The Golden Casket

The Golden Casket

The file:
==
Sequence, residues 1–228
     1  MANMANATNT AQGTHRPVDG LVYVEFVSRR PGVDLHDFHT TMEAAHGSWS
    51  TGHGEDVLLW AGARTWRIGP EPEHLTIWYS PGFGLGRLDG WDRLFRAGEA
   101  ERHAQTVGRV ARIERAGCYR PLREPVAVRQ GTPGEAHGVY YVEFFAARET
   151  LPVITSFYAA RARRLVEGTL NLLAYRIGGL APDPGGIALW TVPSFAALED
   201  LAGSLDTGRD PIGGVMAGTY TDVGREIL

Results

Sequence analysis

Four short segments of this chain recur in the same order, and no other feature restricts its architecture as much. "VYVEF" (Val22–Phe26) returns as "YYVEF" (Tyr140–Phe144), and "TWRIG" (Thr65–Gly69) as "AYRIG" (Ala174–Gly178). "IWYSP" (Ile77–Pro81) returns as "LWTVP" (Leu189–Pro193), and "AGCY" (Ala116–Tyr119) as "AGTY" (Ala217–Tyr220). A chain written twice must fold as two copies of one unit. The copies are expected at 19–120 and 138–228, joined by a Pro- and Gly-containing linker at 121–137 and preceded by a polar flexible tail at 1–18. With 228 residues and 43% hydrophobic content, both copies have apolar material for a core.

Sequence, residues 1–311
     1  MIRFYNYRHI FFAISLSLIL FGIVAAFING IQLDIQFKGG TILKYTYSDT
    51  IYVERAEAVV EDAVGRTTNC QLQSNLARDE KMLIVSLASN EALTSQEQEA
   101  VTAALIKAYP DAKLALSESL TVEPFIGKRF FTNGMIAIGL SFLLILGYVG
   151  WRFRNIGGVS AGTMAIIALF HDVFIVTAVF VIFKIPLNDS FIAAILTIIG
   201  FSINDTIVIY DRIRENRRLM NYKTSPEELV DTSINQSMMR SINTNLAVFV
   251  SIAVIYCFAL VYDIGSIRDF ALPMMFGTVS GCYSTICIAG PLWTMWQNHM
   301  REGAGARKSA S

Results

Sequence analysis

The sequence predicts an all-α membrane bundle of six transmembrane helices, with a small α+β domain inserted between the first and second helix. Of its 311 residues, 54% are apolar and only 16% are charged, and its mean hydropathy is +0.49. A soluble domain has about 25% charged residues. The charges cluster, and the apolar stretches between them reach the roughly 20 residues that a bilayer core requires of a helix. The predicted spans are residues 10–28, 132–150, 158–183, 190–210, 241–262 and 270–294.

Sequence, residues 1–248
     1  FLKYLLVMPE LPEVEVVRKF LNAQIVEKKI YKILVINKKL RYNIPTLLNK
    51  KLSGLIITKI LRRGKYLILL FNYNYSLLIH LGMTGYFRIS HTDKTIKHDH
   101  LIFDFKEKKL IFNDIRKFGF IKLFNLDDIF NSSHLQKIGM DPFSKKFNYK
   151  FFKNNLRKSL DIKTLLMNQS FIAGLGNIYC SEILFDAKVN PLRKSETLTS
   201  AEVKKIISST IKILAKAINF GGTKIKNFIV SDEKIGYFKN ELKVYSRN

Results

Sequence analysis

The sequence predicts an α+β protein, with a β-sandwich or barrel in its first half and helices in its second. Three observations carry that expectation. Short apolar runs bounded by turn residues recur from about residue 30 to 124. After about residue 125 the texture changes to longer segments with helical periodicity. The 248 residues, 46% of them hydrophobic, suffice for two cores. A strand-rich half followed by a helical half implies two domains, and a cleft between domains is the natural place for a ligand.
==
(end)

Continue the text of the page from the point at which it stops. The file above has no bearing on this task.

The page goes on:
When Strangers to Ourselves arrived in 2015, Modest Mouse frontman Isaac Brock let on that he actually had another LP’s worth of material ready for release, if only his label would let him. “These are not those songs,” he tells Apple Music of The Golden Casket. “I went into the studio with [producer-composer] Dave Sardy and a blank slate. One plan was just to not touch a guitar, but that didn't last long—the guitar is fun. Another plan was to make a kalimba record, but I knew that that wasn't realistic—I’m talking out of my ass now, as I was then.” What Brock did record, ultimately, was an album he’d enjoy making and listening to—a thick collage of spidery riffs, woozy synths, and the odd snippet of found sound, the opening of cans or the cracking of his knuckles included. Lyrically, he took inspiration from a line he loved in the song “Private Execution,” from Australian rock outfit The Drones’ 2016 LP Feelin Kinda Free: “What do fish know about water?” It is, he says, “a very simple, concise way of saying we don't know what we don't know and there's a lot we don't fucking know. I'm a proponent of psychedelics, and there's more to the universe than we understand. That's not even an existential question.” But in light of that, there is a real sense of gratitude and optimism coursing through The Golden Casket, from “We’re Lucky” to “The Sun Hasn’t Left,” a reassuring response to the tumult of 2020. Much of that can be traced to Brock’s recent embrace of parenthood. “Everything I do is influenced by this now,” he says. “Unless you're an asshole, once you've brought people into the world, it's necessary to figure out ways to make things better for your brood, to make things work. You can't be too fucking cynical—it’s only right.” Below, Brock walks us through some of the album’s key tracks. “F**k Your Acid Trip” “It's just kind of a lot of fun. It’s not too heady. I'm not making people get deep into the thickets too quick or anything. That's why it's the opener, you know? That song could be as basic as a story about an acid trip—which it kind of is—but it's also about any ride you didn't agree to take, any conversation or situation where your participation wasn't asked of you.” “We Are Between” “I don't know where it began, but I know where it ended up. It's just about how lucky it is to be here—you know? How lucky we are to get to live in an ocean of oxygen, how lucky we are just to even get between a rock and a hard place. Fuck. There's a limit to feeling good about life on earth, I'm sure, but most of the time, it shouldn't be there.” “We’re Lucky” “That just one fell out—I don't know that I ever had to put pen to paper. It’s kind of a love song, for getting to be here in the fucking universe, against all odds. Probably one of my favorite moments on the record, because it just feels right.” “The Sun Hasn’t Left” “That one kind of culminated because of the riots going on at the same time as a pandemic and the fucking sky was blacked out basically for parts of the days from forest fires and shit up here in Portland. I had to write that song. For no other reason, as a reminder. I saw a lot of people I knew really, really get pretty fucking bummed out and I felt like I needed to say something encouraging.” “Never F**k a Spider on the Fly” “It ended up being a gentle reminder to trolls and anyone who is trying to fuck with other people's rights or whatnot: All this negative shit, it usually actually ends up preying on them too. There are no fucking winners. Yelp reviews are like a really pedestrian version of this. Yes, everyone fucking has an opinion, everyone fucking should be allowed an opinion, but the way you feel about your fucking meal is now like an act of war. It’s a bummer to see how bad we are at getting along or even just dealing with a bad sandwich like it wasn't some sort of personal assault.” “Leave a Light On” “Everyone got to spend a lot of time in their homes and whatnot. I got to think about everyone's looking at their same four walls over and over again and what that was. And then I got to thinking about how other people's walls are new. It’s a song of being welcoming and being welcomed.” “Back to the Middle” “I love this song. It’s one that was around before the recording session, around the time of the last record. I've always really liked it. My mom, believe it or not, is the reason this is on this record, because she's very politically charged and felt like it was a strong statement for just getting closer to a centered place.”

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